Though it originally referred to verse that was accompanied by a lyre or other musical instrument, the term ‘lyric’ now denotes poetry that expresses the thoughts and feelings of the poet (or their persona) at a particular moment in time. From the Romantic era onwards, the lyric has been seen as the ideal vehicle for examining the nature of conscious experience and ideas about the self, and its pre-eminence has meant that we sometimes forget it is just one poetic genre amongst others, and see it as more or less synonymous with poetry itself.
Consequently, poetry, more than any other literary form, tends to be seen as ‘self-expression’. But what exactly are we expressing when we express our ‘selves’? Naturally, we all assume that we have a ‘self’ and that our self is what makes us what we are. But what if there were no self – if the self were just a kind of illusion or a notion that we have invented to make sense of an otherwise bewildering and incoherent mass of impressions? How might this affect the theory and practice of poetry? What happens when we take the ‘I’ out of lyric?
This was the theme of a workshop I hosted recently at the Dugdale Theatre in Enfield Town. Drawing on the latest research in philosophy, psychology, and neuroscience, and looking at a range of poetic ‘selves’ from the intensely reflective, inward looking self of the romantic poet, to the fractured, disembodied self of modernists like T.S.Eliot, I encouraged participants to explore these fascinating questions through a series of discussions and guided writing exercises.
The obvious starting point was the question: what is ‘the self’? We should notice, though, that the form of this question, with its use of the definite article, seems to commit us to the view that the self is an entity of some kind, that is to say, an object or thing which has a discrete and independent existence whose properties or characteristics may be clearly described.
But while many of us may be comfortable with the idea that we possess a self, it is by no means clear that our self exists in quite the same way as does our body, since it cannot be directly observed. Rather, it is something whose existence we infer from things about ourselves that are directly observable, such as certain features of our thought or behaviour.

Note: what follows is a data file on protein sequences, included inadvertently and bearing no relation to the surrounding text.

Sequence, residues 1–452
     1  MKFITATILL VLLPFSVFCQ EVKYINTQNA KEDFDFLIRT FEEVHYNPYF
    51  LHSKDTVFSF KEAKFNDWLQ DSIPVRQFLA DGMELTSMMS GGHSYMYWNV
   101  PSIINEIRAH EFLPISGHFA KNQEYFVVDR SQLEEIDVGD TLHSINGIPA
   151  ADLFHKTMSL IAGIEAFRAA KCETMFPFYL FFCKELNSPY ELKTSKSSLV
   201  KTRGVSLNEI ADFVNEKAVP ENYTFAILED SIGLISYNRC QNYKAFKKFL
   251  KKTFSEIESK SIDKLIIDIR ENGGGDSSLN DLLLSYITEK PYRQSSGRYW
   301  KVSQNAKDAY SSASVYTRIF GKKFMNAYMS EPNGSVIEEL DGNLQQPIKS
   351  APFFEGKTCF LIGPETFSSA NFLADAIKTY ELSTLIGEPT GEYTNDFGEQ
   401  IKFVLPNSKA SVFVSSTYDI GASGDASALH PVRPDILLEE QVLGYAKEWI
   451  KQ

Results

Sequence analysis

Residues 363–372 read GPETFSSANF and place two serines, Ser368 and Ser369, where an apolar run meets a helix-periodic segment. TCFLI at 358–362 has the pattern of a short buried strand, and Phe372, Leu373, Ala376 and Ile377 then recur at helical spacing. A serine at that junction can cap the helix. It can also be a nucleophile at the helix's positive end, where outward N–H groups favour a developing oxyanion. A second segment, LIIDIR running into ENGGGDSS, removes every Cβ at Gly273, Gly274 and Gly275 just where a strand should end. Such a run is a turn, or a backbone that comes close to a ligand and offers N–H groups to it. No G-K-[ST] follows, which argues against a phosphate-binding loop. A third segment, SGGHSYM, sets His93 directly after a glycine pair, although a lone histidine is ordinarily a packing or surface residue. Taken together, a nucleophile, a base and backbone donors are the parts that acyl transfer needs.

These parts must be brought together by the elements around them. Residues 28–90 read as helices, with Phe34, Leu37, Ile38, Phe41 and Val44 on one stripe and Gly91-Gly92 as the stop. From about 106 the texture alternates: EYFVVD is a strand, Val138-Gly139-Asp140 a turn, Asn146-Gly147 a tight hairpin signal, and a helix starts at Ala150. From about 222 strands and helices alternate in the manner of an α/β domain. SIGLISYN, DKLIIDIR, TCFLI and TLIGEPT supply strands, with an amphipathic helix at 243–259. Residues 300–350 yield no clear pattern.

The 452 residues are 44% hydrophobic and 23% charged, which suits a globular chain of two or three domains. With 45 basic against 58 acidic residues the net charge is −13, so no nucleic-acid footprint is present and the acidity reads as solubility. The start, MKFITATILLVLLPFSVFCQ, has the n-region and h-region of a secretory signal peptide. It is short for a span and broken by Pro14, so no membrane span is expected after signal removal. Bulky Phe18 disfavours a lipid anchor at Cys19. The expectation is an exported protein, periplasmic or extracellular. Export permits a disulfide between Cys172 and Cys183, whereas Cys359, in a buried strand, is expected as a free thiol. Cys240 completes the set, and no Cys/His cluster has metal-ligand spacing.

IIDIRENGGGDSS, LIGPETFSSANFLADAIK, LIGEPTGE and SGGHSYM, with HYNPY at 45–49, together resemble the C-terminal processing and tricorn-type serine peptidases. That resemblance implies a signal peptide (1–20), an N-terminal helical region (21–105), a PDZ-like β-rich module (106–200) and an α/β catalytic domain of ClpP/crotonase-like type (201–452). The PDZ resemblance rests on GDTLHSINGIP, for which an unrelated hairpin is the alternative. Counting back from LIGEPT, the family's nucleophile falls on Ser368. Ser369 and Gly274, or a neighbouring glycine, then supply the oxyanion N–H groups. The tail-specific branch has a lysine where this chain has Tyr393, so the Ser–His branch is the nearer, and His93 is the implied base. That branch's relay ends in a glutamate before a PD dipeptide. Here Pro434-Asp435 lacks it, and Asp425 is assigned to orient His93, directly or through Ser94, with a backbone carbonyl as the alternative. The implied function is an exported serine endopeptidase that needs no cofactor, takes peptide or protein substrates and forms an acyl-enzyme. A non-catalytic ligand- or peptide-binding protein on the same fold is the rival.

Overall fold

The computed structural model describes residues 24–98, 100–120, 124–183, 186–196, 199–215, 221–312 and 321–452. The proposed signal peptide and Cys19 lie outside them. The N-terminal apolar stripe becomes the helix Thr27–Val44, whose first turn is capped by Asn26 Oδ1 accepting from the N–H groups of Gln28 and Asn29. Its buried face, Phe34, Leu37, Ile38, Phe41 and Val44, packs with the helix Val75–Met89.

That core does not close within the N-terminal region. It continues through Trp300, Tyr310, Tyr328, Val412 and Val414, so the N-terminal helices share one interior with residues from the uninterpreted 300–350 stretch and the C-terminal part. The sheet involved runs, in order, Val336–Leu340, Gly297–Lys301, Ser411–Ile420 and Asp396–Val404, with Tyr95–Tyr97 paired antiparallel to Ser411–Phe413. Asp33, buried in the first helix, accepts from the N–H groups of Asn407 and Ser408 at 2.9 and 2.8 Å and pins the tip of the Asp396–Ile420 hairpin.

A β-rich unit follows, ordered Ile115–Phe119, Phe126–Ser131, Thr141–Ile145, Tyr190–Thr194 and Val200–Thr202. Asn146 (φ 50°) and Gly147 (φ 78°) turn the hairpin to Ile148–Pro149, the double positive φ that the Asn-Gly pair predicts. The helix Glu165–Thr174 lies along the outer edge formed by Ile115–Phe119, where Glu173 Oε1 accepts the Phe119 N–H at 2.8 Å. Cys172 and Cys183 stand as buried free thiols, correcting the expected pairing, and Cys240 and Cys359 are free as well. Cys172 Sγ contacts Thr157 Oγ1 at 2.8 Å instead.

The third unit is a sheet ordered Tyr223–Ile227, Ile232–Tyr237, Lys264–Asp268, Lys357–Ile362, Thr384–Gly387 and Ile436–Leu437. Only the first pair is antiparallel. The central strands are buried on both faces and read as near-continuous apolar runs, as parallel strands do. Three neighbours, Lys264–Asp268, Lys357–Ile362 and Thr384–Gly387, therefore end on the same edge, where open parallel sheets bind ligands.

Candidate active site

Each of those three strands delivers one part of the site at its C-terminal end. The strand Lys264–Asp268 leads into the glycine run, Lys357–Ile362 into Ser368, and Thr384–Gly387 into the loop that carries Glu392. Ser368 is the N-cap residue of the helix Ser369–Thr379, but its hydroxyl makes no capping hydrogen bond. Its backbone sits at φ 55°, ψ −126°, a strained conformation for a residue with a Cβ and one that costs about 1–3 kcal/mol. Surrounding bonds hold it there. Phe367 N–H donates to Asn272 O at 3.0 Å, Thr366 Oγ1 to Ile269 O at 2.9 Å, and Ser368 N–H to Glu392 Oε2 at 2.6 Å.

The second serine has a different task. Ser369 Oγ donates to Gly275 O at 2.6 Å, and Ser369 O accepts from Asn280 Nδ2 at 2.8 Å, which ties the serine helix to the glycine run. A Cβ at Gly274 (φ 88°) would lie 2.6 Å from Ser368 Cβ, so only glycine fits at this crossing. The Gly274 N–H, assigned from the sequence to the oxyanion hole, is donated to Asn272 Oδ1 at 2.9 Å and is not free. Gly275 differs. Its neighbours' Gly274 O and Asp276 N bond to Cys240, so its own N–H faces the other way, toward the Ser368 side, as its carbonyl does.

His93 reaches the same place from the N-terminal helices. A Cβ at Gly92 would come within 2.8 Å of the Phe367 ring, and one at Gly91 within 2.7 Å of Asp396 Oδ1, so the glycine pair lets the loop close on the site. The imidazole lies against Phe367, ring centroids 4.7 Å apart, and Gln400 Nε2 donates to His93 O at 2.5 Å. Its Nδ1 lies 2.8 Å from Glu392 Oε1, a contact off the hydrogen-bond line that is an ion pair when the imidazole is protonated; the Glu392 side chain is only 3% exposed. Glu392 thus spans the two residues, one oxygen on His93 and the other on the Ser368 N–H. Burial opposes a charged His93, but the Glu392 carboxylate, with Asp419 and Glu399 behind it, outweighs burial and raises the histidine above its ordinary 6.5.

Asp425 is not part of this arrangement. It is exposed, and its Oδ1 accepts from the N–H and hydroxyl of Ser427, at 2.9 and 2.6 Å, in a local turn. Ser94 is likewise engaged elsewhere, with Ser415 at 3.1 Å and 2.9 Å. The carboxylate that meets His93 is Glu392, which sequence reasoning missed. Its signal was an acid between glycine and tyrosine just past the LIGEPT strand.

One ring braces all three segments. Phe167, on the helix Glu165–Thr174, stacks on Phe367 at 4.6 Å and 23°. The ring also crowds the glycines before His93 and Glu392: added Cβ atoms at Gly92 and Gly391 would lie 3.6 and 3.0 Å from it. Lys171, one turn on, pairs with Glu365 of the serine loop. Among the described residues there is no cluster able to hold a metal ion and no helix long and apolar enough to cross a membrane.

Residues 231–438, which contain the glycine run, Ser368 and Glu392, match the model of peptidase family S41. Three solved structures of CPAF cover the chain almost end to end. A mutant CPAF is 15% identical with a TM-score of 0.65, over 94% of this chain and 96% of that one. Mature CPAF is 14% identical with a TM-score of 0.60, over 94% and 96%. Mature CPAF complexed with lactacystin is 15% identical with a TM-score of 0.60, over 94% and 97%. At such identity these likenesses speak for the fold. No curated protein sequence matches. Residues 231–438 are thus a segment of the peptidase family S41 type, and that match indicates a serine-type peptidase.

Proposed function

This might be why some philosophers have sought to question its existence, arguing that the idea of the self is merely an unfortunate by-product of language, which makes it impossible for us to speak of action or experience without invoking an actor or experiencing subject. Nietzsche, for example, maintained that the use of the pronoun ‘I’ misleads us into thinking that there must be some real world entity to which this term refers, while Daniel Dennett has suggested that the idea of the self should be seen merely as a useful fiction, a conceptual construct which makes it easier to think and talk about certain aspects of our lived experience.
One way of avoiding the assumption that the self is an entity of some kind is to reframe the question. Instead of asking: ‘what is the self’ or ‘do we actually have a self?’, we should ask: ‘what do we usually understand by the term ‘self’ and to what extent is this understanding supported by what neuroscience is now telling us about the human brain and human behaviour?
Answers to the first part of this question are likely to be complicated because we consider the self to have many different dimensions. However, I think we usually view it as having three key aspects.
First, we see it as the addressee of experience – that to which sensory information is directed, both from inside and outside the body. Second, we view it as that which ties together all our various experiences into a more or less coherent and unified whole, thereby offering some assurance that the person who is writing this now is the same person who wrote an essay on the subject fifteen years ago as a student, despite the many changes I have undergone in the intervening years. Finally, we see ‘the self’ as that which lies behind all our thoughts and actions, the initiator of all that we think and do.
In much of what follows, we shall see that these intuitive notions about the self have almost all been brought into question by recent research in neuroscience and related fields. In time, this will result in a revolution in our understanding of ourselves, comparable to the one set in motion by Freud. But while poetry has already assimilated the ideas of psychoanalysis, creating a divided and troubled lyrical ‘I’, we do not yet have a poetry for the age of neuroscience. Who, I wonder, will be the first laureate of the cognitive unconscious?